CJEU - C-34/21 - Hauptpersonalrat der Lehrerinnen und Lehrer beim Hessischen Kultusministerium

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CJEU - C-34/21 Hauptpersonalrat der Lehrerinnen und Lehrer beim Hessischen Kultusministerium
Court: CJEU
Jurisdiction: European Union
Relevant Law: Article 88 GDPR
Decided: 30.03.2023
Case Number/Name: C-34/21 Hauptpersonalrat der Lehrerinnen und Lehrer beim Hessischen Kultusministerium
European Case Law Identifier: ECLI:EU:C:2023:270
Reference from:
Language: 24 EU Languages
Original Source: Judgement
Initial Contributor: mg

The CJEU found that a Member State cannot use Article 88(1) GDPR to specify the GDPR unless the Member State contextually implemented additional measures to protect employees’ rights and freedoms.

English Summary


During the Covid-19 pandemic, the Minister for Education and Culture of the Land Hessen established a legal framework to enable remote education through video-calls. According to this framework, pupils (or pupils’ parents) should give their consent to the processing of personal data. However, no similar provision applied to teachers.

A Committee of teachers brought an action before the Wiesbaden Administrative Court. According to the defendant, the provision that enabled the regional government to process data without teachers’ consent was § 23 of the Hessisches Datenschutz- und Informationsfreiheitsgesetz (Law on data protection and freedom of information of the Land Hessen). This provision would set “more specific rules” concerning workers’ data protection rights in accordance with Article 88 GDPR and in derogation to GDPR itself.

However, the Administrative Court suspected that the controller did not comply with Article 88(2) GDPR, as the latter provision requires “suitable and specific legislative provisions” to be adopted in order to protect data subjects’ rights. The German court wondered whether a national provision that does not meet this requirement, such as § 23 of the German data protection law, could be seen as a legitimate implementation of Article 88 GDPR. Moreover, the court was not certain about the faith of such a provision, in case a national judge found it in contrast with Article 88(2) GDPR.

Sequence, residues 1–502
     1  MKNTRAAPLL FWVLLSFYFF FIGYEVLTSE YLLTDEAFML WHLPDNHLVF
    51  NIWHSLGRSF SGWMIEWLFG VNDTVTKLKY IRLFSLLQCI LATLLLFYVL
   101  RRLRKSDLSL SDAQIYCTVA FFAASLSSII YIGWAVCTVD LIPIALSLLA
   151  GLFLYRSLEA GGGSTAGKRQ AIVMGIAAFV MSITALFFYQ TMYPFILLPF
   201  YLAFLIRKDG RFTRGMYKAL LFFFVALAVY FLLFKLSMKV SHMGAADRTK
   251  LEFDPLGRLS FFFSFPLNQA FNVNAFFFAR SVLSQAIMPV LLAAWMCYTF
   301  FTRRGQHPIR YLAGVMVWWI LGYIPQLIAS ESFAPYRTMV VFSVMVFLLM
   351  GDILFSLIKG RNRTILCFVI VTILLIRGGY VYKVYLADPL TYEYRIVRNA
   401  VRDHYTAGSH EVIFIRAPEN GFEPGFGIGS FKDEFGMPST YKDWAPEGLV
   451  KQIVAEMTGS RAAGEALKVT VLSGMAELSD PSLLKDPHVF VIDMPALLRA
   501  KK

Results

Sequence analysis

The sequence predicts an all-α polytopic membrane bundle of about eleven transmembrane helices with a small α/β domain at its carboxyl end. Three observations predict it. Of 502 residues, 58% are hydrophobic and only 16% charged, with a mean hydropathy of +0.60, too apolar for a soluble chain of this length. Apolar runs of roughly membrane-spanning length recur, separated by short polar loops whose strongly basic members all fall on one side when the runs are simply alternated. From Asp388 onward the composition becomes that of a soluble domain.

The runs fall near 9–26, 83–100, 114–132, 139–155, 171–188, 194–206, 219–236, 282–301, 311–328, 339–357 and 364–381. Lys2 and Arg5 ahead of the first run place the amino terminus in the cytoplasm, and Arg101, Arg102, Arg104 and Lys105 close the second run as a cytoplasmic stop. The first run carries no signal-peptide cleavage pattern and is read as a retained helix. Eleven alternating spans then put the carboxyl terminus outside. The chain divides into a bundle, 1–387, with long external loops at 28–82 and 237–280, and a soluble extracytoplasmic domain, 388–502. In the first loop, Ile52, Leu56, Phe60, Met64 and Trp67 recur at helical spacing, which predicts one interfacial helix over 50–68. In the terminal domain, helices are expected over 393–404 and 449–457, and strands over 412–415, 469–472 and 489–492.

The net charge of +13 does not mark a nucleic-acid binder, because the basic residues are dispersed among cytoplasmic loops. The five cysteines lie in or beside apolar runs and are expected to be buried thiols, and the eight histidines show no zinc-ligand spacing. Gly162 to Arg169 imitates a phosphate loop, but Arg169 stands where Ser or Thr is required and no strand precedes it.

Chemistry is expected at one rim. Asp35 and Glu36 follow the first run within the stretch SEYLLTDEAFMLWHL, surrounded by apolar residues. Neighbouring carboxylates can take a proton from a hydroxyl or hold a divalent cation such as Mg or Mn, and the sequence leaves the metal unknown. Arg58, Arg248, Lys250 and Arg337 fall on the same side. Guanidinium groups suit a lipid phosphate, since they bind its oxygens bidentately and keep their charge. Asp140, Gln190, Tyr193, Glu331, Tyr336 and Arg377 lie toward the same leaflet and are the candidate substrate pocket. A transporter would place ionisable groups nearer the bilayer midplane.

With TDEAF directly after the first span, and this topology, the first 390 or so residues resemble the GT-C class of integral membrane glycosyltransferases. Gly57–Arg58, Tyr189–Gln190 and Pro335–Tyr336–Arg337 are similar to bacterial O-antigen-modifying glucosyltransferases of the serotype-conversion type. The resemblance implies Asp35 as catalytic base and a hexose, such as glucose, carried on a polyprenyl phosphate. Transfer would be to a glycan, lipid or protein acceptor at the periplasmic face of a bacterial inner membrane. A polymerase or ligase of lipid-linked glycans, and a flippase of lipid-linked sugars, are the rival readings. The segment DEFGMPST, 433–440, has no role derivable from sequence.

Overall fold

In order to better clarify the relationship between paragraphs (1) and (2) of Article 88 GDPR, the German court issued a preliminary reference to the CJEU.


In the first place, the CJEU clarified that Article 88 GDPR covered the facts at issue in the main proceeding and more in general public employment, as this provision is not specific to the private sector. According to the CJEU, it is the existence of a relationship of subordination between the employee and the employer and not the legal nature of this relationship that justifies the open clause provided for in Article 88 GDPR.

When Member States use open clauses under Chapter IX GDPR they shall not undermine content and objectives of the regulation. In particular, the CJEU maintained that three conditions for the use of Article 88 GDPR shall be met: first, national law must have a content which is “specific to the area regulated” (in this case employment) and distinct from the general GDPR rules; second, the purpose shall be to protect rights and freedoms of workers; finally, suitable and specific measures should be in place in accordance with Article 88(2) GDPR. These measures should not simply reiterate the general protection offered by the GDPR. The CJEU stressed that such measures protect not only employees’ rights, but also the harmonisation of EU law itself, which would be otherwise put at risks by national derogations. Thus, the CJEU concluded that a provision adopted pursuant to Article 88(1) GDPR cannot be considered a “more specific rule” if the above mentioned conditions are not met.

It was for the German court to ascertain whether the German law complied with the requirements set out in Article 88(1) and (2) GDPR. However, at a first glance it seemed to the CJEU that the German law merely reiterated the content of the GDPR, without any additional element. If it was the case, the German court should disregard the law in light of the principle of EU law primacy. In this specific case, even if the German court found that national law did not satisfy the requirements of Article 88 GDPR, it should still check whether Article 6(1)(c) or (e) – legal obligation or public interest – applied as legal bases for the processing. This assessment should be performed in light of Article 6(3) GDPR.


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